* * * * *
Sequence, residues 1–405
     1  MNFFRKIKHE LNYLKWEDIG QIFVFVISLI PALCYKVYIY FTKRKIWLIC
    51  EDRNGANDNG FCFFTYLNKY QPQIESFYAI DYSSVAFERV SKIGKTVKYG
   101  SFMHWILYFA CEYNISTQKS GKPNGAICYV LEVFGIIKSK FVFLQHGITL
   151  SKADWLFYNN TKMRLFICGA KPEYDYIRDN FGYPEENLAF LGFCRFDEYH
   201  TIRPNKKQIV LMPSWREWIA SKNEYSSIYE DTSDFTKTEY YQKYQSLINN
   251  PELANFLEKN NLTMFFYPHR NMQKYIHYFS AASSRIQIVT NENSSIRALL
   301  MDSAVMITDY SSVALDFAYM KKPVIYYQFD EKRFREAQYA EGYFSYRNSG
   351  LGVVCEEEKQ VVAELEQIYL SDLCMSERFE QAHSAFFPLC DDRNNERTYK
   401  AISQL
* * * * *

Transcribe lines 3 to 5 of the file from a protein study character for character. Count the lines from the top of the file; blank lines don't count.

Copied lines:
    51  EDRNGANDNG FCFFTYLNKY QPQIESFYAI DYSSVAFERV SKIGKTVKYG
   101  SFMHWILYFA CEYNISTQKS GKPNGAICYV LEVFGIIKSK FVFLQHGITL
   151  SKADWLFYNN TKMRLFICGA KPEYDYIRDN FGYPEENLAF LGFCRFDEYH